Green-sticker-legal off-road bikes are a dying breed due to more stringent requirements being implemented each year to meet emission standards in the state of California. In the past, riders looking for a serious off-road machine had few choices. They could strip down a dual-sport bike, go the red-sticker route, or deal with some of the heavier, overly strangled machines offered for the trail rider. Fortunately, the times they are a-changin’, as several manufacturers have upped their games and are throwing superb technology at the legal off-road-only machine.

Husqvarna introduced its FE501 in 2020. This was a major commitment, and a costly one, as offering a legitimate off-road bike in the U.S. means that it’s under the scrutiny of the EPA.  Therefore, it needs to pass emissions and noise tests that are almost as strict as those for the street bikes. Historically, that affects performance in a bad way, and that makes full-time off-road guys flat crazy. Fortunately, there is enough demand for serious, versatile, balanced and broadly powered machines that Husqvarna, along with KTM of course, jumped in aggressively.

Introduced in 2020, the FE501 was a brand-new machine, from the redesigned engine to the chassis, suspension and bodywork. For ’21, there have been few changes, but let’s look inside the machine.

Smooth power, little vibration, focused suspension that is trail-savvy and top-of-the-line handling highlight the Husqvarna FE501.

The powerplant is a 510cc, SOHC, six-speed, fuel-injected design that is considerably lighter than past units. It has new camshafts, a new head, updated fuel injection and reworked engine cases—all updates that shave weight off of the engine. A new, lightweight, box-in-box-type piston made by König uses a 10-percent-lighter piston pin, targeting more performance and less vibration. The compression ratio has increased from 11.7:1 to 12.75:1 for even stronger engine performance. There are a number of advanced electronic rider aids, such as traction control, with a handlebar-mounted map select switch that alters power delivery to suit terrain and skill levels.

The FE501 is fit with a new six-speed transmission made by Pankl Racing Systems and features stronger materials for enhanced durability and reliability. All four-stroke engines are fitted with a gear sensor, giving the option of different engine characteristics for each gear.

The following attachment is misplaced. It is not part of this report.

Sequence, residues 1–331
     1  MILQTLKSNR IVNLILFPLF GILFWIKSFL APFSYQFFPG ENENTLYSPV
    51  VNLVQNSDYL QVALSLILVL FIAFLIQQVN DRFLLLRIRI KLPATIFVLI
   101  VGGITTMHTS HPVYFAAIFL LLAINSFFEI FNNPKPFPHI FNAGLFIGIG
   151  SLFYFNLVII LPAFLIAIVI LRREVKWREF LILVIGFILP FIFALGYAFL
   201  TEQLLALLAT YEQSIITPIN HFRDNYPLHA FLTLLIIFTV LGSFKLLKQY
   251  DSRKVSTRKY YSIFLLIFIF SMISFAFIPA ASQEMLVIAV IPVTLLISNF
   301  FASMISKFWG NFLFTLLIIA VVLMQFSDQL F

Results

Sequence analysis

You get a good feel out of the Magura hydraulic clutch, wide spacing with the 6-speed gearbox and a well-muscled throb of quiet power.

The electronic fuel injection feeds through a new Keihin 42mm throttle body. The 501’s ECU features mapping that has been adapted to the new exhaust, airbox and engine configuration; regulates the traction control; and is activated by an optional map-select switch. It also provides different maps for each gear according to the information received from the gear sensor, ensuring maximum power as you shift through the gears.

Husqvarna has fit its four-strokes with two-piece header pipes that allow better access to the shock (say hallelujah, brother!). The O2 sensor on the header pipe shows that it’s a closed-loop EFI system. “Closed loop” is when the ECU refers to the O2 sensor for feedback, and the ECU will modify its fuel table based on the readings on the O2 sensor. Out back, the muffler is super compact and is fit with a spark arrestor.


  • Huge torquey powerplant
  • Good hydraulics at clutch and brakes
  • Six-speed gearbox
  • Super-plush suspension targeting trail riders
  • Versatile
  • Mapping switch with power maps and traction control


  • We’ve heard that some folks have torn the subframe off in tumbles
  • Suspension set up wildly soft, above average skill set and size is a problem
  • Power lacks revs on top

All of the hydraulics on the Husqvarna FE501 are Magura. That’s the clutch and brakes, and that is one area where the machine differs from the KTM. The frame is chromoly. The rear subframe is a composite (70-percent polyamide/30-percent carbon fiber) targeting light weight and rider comfort. The FE501 uses linkage at the rear suspension. The damper is a WP XACT shock. Husky says that the linkage lets the machine ride lower in the back for increased control. The fork is a WP XPLOR unit with adjustable compression damping on the left fork and rebound on the right. It has been fit with a new mid-valve that keeps the fork riding higher, plus has improved bottoming resistance.

Husky uses CNC-machined triple clamps, a Pro Taper handlebar (with four-position ad-justability), ODI lock-on grips and sano flag handguards. It comes with enduro lighting, a tidy odometer/computer and a plastic skid plate. The wheels use machined hubs and D.I.D Dirt Star rims. Tires fore and aft are Dunlop AT81s.

Incredibly, the FE501 feels almost lethargic. A chunk of the blame goes to the very effective exhaust system, which is whisper quiet and is mated to a very torquey powerband that has an appetite for chug, short-shifting and making traction. This engine is happy being ridden on tight trails but will blast through the desert with a nearly vibration-free ride. The clutch pull is light via the Magura hydraulic unit, and once you click it into gear, forward motion happens quickly and serenely. First, second and third gears are well-spaced, with first used only for the slowest of obstacles. There are no funny gaps down low, but the gap from fifth to sixth is pretty large, and sixth gear will pull the bike up into the 90-mph-plus range.